Googling that as we speak mate. I have used Commsec out of laziness. I didn’t know there were such cheaper options out there. Thanks for the tip ?
Thanks for a great and informative post. I also looked into SelfWealth and looks like they don’t trade internationally, does that mean you wouldn’t be able to purchase for example VTS and VEU through their platform? I’m looking for a cheaper option but can’t seem to find anything other than your average Commsec or ANZ.
Not sure. I’d say they do though because VTS and VEU are trading on the ASX. I’ve heard good things about CMC markets but have never used them. I’m going to try to interview self wealth and ask the CEO some questions
Thanks for an informative post. I also looked into SelfWealth and it says they don’t trade internationally, does that mean you wouldn’t be able to purchase for example VTS or VEU? I’m a bit of a newbie to all this. I’m looking for a cheaper option but can’t seem to find anything other than your average Commsec or ANZ.
Oops sorry for the double comment, accidentally pressed the submit button twice and the comment wasn’t showing up 😛
So can you buy international Vanguard shares on SelfWealth?
Just wanted to ask and see if someone can assist.
If I purchase Vanguard like VAS.AX through a Vanguard account I don’t get charged a brokage fee no matter how many purchases I make as long I purchase Vanguard products however looks like they charged a yearly management fee 0.10% for VAS.AX so on $5,000 I would pay $5.00 for the year.
If I purchase VAS.AX on a trading platform like Suncorp Share Trading or Commsec, I get charged a brokage fee like $22 for each purchase however does anyone know if I would get charged the yearly management fee if purchased through Commsec or Suncorp Share Trading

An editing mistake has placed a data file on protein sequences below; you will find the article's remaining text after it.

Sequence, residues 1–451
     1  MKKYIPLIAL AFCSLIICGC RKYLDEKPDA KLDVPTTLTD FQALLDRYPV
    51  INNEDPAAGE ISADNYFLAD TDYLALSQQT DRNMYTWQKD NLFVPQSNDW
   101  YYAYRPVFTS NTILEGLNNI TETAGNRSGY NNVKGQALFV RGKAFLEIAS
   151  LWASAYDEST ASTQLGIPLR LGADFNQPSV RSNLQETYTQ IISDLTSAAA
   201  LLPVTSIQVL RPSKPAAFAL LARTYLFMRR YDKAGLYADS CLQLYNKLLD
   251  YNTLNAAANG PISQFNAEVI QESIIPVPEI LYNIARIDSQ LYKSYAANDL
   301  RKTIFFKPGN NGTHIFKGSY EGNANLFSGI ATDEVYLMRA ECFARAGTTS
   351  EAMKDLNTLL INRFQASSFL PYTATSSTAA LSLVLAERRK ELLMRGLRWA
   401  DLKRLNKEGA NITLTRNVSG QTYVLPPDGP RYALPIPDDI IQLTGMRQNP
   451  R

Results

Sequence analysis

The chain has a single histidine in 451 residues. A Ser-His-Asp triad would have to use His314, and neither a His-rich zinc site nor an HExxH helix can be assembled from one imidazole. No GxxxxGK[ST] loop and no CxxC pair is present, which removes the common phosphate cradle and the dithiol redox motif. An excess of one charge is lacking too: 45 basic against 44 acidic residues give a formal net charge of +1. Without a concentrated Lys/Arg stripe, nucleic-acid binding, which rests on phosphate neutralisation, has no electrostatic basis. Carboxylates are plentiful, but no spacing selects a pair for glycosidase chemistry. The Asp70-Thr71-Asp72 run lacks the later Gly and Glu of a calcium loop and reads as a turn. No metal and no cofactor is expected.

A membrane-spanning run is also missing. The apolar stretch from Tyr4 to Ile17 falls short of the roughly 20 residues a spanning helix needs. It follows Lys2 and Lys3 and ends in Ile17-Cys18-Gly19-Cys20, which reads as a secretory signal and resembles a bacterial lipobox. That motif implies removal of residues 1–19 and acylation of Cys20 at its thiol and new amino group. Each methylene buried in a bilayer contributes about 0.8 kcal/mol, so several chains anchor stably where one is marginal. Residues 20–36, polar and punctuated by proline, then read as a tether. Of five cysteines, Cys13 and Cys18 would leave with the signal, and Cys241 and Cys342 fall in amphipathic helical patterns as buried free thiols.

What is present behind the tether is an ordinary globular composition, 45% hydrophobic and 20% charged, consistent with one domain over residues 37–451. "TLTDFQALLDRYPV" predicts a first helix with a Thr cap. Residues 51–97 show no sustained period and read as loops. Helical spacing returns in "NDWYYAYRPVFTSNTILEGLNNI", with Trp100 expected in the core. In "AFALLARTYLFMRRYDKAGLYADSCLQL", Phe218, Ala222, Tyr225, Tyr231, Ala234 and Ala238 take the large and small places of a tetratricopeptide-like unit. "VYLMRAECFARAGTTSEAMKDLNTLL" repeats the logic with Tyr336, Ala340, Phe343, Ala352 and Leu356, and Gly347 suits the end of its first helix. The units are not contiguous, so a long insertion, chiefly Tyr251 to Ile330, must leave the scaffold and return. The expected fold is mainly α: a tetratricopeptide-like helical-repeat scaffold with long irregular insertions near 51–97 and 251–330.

I do the latter. And yes, you pay mgmt cost of 0.1% if you buy the ETF via trading platform.
Is this a hidden fee? I have A200 ETF in my bank trading platform and can’t see where they charge the 0.07% p.a. management fee? Looks like Vanguard has a 0.20% account keeping fee p.a. on the total portfolio as well as management fees p.a. for the products purchased.
deducted in the overall fund balance or returns. E.g. returns at 9.07%, so your return is actually 9% because the management fee is deducted.
I will second Mrs. ETT comment. I have had investments direct with Vanguard for about 10 years, and have always had good service from them. They were helpful getting old records, answering investment questions. Of course, this is true whether you are direct or ETF customer, except that for ETFs it is Computershare you need to chase down for your statements, tax etc.
Direct, Vanguard have the 500k limit to reach their ‘wholesale’ level. If you are not at this level (like me), then ETFs have a clear advantage. See, https://www.vanguardinvestments.com.au/retail/ret/investments/product.html. Relatively for Retail, Wholesale, ETF the Australia Share Index MER is 0.75%, 0.18%, 0.14%.